Lessons & Thoughts From the Farm

Soul-tober

Sometimes we just need to take a break, whether it’s from a litany of commitments and chores or the mental gymnastics we put ourselves through on a daily basis (we know who we are) or from something as simple (and as overwhelming) as the news and social media.  Sometimes, our souls just need a rest.

And given that I’ve already heard Christmas music in stores and seen the trees and ornaments stacked for sale, I think October is a glorious time to inhale and just take it all in. Because, seriously people, it will be holiday-palooza before we know it.

It’s easy to feel like this life is just one giant to-do list as we race from season to season. Whether we’re rushing kids from here to there, putting in extra hours at work, or Pinterest-ing ourselves to death to create some perfect moment, life can be downright busy.

A dear friend and mentor once said to me, “Instead of saying ‘I don’t have time for that’, instead say ‘It’s not important to me.’”  I’m just going to leave that there for a minute and let it sink in.

What she was advocating is that this wheel of busy we are all on is filled with choices.  When we tell ourselves things like we don’t have time, what we are really saying is that thing/commitment/effort is not important to me.  Ouch. That was a hard one for me.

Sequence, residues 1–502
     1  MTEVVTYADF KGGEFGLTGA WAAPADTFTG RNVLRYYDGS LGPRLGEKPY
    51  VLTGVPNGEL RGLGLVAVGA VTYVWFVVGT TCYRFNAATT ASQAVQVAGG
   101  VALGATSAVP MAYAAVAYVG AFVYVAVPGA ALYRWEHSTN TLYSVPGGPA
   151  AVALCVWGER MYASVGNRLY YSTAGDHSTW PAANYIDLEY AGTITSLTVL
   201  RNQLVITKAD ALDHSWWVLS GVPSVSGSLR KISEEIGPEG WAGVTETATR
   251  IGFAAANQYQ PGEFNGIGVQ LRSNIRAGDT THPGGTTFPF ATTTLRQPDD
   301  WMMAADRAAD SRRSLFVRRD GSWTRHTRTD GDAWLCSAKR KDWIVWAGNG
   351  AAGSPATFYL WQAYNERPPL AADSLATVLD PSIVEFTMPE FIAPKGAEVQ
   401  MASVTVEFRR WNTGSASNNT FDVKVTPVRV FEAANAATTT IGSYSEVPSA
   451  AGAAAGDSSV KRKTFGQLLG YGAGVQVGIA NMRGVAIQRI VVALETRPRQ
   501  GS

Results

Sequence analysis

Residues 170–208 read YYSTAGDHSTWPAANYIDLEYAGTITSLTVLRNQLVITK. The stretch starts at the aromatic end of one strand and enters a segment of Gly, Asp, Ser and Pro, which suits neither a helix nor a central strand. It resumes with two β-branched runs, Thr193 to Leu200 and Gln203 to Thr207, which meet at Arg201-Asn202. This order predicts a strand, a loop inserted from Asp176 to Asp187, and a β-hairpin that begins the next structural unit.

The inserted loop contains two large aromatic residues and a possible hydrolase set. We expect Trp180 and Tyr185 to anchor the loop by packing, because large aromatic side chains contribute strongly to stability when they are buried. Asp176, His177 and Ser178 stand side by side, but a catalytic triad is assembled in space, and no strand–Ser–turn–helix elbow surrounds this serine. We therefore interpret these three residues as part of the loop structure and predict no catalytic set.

But if we are honest, we really don’t have time for all of the things we could take on.  And most of us have likely taken on lots of things without really thinking about if it’s important to us. Whether it’s from guilt, a sense of duty or out of habit, it’s super easy to say Yes and way harder to say No.

It’s curious that the thing that we most often say No to is making time for ourselves.  Sometimes in our culture it’s easy to feel like making time for ourselves is selfish.  In the faith culture I grew up in, putting yourself first was not only wrong it was a sign of a weak character.  Oh my stars how sad this makes me to think of this now, and how I hope with all of my heart that we aren’t still instilling this in our young ones.

Listen, I’m not suggesting that you sign up for narcissist 101, I’m simply suggesting that you take time to feed your soul, fill up your cup, soak up some gratitude, care for who you are, and dream of where you want to go.  Give yourself permission to say, “Yes, I am important.”

For me, it’s the simplest of things like planting myself on the porch with a good book and a cup of mint tea or listening to my favorite podcast or music while I weed the garden.  It’s brushing a horse or trying yoga (which also leads to much laughing). It’s making time for storytelling and cooking and crafting. It’s simply sitting side-by-side with Cowboy and talking about life. Those things fill me up.